Catalogue – Barbara Cleveland | Thinking Business

Barbara Cleveland | Thinking Business, was presented at Goulburn Regional Art Gallery from 9 oct. – 14 nov. 2020.  The accompanying catalogue features an introduction by former Gallery Director, Gina Mobayed with essays by Tara McDowell, Verónica Tello, José Da Silva and Amelia Wallin.

The catalogue is a sixty two page accompaniment to the exhibition with a complete list of works and stunning images of the works on exhibition.  Catalogue designed by Garbett Designs and edited by Dianna Baker-Smith and Kate Blackmore.


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José Da Silva is Director of UNSW Galleries, Sydney. He previously led the Australian Cinémathèque at the Queensland Art Gallery | Gallery of Modern Art, presenting a diverse program of international moving-image and media art, and contributed to an ambitious program of exhibitions and projects at QAGOMA for more than a decade.

Tara McDowell is Associate Professor and Founding Director of Curatorial Practice at Monash University. Recent projects include co-editing The Artist As (Sternberg Press, Berlin, 2018) and her book The Householders: Robert Duncan and Jess (The MIT Press, 2019), which was awarded the 2018 CAA Millard Meiss Publication Fund Award.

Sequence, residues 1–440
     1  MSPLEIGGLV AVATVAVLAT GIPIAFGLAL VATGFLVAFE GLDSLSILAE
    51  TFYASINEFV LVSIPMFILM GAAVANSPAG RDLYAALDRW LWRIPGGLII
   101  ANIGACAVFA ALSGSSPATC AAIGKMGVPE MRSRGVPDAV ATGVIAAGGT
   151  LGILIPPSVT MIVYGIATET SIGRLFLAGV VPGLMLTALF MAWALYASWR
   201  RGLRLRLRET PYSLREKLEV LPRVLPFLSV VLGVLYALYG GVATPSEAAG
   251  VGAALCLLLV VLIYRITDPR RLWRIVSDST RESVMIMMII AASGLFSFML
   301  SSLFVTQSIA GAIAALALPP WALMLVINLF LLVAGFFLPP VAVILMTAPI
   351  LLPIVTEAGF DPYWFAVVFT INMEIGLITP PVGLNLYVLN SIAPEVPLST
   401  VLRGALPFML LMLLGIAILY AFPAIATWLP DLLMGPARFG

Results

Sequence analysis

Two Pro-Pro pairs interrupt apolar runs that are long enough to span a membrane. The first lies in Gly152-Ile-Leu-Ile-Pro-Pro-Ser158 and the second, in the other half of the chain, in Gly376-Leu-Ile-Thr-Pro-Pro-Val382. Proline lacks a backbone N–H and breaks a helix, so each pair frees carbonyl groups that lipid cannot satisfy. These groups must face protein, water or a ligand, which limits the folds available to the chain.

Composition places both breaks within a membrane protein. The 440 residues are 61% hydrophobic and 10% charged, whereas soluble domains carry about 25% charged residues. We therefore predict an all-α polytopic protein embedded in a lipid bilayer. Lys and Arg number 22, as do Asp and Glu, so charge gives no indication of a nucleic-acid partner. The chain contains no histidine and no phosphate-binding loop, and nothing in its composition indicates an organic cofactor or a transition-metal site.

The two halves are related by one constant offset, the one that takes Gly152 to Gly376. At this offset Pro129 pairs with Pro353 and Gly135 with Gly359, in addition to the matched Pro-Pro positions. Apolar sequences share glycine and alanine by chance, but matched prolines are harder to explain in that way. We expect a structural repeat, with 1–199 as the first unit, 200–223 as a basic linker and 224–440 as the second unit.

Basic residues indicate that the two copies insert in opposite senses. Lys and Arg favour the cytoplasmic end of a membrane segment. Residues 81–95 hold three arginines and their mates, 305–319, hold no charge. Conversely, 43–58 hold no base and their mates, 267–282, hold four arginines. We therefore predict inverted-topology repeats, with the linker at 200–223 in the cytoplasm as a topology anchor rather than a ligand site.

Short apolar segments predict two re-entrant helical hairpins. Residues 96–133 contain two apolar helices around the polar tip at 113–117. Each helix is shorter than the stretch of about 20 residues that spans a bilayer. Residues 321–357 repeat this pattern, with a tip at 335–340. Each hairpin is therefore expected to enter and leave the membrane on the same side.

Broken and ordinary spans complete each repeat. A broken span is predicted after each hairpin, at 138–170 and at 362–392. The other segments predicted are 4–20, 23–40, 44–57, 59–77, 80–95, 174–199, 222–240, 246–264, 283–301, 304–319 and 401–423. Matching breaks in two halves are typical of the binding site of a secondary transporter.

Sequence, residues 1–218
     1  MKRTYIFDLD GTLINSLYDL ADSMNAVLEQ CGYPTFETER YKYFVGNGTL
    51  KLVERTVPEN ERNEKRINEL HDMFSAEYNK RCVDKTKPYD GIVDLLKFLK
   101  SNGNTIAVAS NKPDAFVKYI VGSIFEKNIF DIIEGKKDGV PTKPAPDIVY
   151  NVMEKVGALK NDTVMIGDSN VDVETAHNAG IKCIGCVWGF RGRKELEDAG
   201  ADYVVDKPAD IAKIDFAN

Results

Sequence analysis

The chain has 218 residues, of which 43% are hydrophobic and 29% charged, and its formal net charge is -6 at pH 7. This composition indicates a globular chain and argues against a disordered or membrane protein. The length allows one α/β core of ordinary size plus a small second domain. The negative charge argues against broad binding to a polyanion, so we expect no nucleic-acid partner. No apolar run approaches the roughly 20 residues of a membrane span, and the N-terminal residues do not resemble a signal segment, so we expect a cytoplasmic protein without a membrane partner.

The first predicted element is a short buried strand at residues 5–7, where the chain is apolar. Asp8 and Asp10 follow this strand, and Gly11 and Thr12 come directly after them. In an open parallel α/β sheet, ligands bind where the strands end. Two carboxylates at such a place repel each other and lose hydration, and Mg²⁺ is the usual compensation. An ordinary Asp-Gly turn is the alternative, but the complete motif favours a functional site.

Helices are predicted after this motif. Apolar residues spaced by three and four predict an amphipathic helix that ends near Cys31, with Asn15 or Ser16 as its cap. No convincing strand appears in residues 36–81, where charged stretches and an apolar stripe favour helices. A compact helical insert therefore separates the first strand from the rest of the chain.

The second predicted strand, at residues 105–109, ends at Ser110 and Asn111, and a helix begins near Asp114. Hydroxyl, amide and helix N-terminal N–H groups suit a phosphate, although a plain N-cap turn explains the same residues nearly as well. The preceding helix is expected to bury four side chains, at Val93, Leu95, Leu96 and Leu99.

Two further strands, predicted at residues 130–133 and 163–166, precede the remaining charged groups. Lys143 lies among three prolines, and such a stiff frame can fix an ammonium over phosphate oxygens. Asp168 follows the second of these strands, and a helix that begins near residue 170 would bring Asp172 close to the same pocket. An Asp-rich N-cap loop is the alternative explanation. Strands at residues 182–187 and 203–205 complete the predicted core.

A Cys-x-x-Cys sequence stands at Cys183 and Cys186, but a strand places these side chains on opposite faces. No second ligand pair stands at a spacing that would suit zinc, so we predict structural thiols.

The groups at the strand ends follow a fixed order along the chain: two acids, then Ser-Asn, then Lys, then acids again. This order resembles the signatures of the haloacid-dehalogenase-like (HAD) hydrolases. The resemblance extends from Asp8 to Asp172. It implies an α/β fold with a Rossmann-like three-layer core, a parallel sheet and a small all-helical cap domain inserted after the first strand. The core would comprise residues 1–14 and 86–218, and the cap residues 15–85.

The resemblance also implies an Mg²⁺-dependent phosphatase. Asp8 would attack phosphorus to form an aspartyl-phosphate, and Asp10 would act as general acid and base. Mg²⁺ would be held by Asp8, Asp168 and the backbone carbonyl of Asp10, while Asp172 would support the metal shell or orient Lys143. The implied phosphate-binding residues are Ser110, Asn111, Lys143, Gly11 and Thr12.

Verónica Tello is a Chilean-Australian writer and art historian based in Sydney. She is currently researching queer and transnational collaborations forged by Chilean and Australian arts workers during the Pinochet regime (1973–1990) and, with Diana Baker Smith, how national collections order visuality and gender.

Amelia Wallin is a curator, writer and currently Director of West Space in Melbourne. With a focus on care, feminisms and reproductive labour, Amelia is concerned with alternative models for instituting.

When I first set out to think about female friendship, I turned to philosophy, and found hardly anything there... There’s a connection between this refusal to admit the possibility of female friendship and the systematic, violent suppression that occurred throughout much of Western history of ‘wise women,’ the healers and midwives that were later called witches and murdered en masse. That shared thing is knowledge. And, back of that, power. Female friendships remain unthinkable because they are simply too dangerous. They threaten to unravel an entire world order of patriarchy, empire and submission.

Tara McDowell

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A Goulburn Regional Art Gallery and Museums & Galleries of NSW touring exhibition. This project has been assisted by the Australian Government through the Australia Council for the Arts, its arts funding and advisory body. Supported by the Restart Investment to Sustain and Expand (RISE) Fund – an Australian Government initiative.